Beauty born of Trouble…

imageWomen from the Deep Coastal South love our Pearls. The Mother of Pearls is the Oyster, one of our most highly prized culinary gifts from the sea. Especially in November and December when the waters are cold enough- out of our beloved bays and inlets fishermen retrieve the finest oysters in the world from their peaceful beds beneath the waters. Stormy rough waves or an out-of-the-blue rush of water- a grain of sand enters the rare oyster. The sharp edges bother and irritate the delicate flesh of the oyster. All oysters live in a close knit community called an Oyster Bed. image

A Pearl Oyster lives in secret pain- silent agony. The oyster has no means to rid itself of this tiny bit of trouble. Unnoticed by the others in the watery bed-the oyster is experiencing inner turmoil and pain from just a tiny errant grain of sand. It hurts the oyster, it bothers the bivalve- after all the oyster was just sitting there trying to survive when the grain of sand came out of nowhere. Troubles are often like that.  To survive, the pearl oyster must  decide-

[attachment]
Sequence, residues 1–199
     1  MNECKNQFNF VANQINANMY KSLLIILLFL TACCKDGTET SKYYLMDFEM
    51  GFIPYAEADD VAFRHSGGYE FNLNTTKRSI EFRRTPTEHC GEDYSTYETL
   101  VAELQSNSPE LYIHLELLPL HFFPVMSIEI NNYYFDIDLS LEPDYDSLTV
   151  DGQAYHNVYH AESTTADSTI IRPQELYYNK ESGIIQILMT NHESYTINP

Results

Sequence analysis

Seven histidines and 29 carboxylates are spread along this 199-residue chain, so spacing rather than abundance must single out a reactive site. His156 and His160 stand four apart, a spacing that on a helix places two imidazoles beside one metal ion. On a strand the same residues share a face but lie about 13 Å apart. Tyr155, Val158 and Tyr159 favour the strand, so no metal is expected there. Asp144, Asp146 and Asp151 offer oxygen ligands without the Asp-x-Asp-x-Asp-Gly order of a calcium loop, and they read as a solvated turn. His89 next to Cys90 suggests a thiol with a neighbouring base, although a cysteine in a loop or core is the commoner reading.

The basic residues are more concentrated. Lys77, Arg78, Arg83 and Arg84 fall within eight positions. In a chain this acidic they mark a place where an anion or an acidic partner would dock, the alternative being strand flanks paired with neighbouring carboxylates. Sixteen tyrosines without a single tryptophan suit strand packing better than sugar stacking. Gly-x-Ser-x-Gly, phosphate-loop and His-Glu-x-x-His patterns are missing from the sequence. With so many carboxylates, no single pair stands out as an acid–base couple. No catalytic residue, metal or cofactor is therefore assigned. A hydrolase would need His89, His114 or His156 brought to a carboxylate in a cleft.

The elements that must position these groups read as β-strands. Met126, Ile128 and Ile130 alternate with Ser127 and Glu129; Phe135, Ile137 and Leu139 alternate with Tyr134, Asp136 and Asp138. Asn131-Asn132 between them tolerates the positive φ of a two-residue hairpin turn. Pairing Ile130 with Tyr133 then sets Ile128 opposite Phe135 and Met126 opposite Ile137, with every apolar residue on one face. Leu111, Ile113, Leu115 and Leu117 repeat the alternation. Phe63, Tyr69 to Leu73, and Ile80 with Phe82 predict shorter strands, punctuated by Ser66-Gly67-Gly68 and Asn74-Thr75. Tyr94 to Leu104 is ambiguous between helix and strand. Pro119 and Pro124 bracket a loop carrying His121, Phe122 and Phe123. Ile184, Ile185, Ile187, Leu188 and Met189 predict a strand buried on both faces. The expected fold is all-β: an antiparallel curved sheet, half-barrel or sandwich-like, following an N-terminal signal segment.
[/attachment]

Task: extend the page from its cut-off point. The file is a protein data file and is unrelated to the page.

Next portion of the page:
•  to accept the pain,
  • find a way to live with the pain,
  • cover the grain of sand,
  • round off the rough edges.

Oysters have a way to heal themselves of troubles which will not go away. Within the oyster’s delicate system there is a God given remedy for pain and heartache. The lowly oyster patiently secretes a substance which surrounds an aggravating bit of trouble. There are times in our lives when we endure trouble born out of a small things- secret living griefs that-

  •  must be endured,
  • knows no relief,
  • interrupts our sleep
  • and threatens our peace.

We do have choices- we can:

  • ignore the pain
  • hope it will go away-
  • minimize the trouble –
  • ‘Oh it’s just a small thing, I’ll be alright’-
  • wait in excruciating silence,
  • wonder how to endure a painful uncertain future. image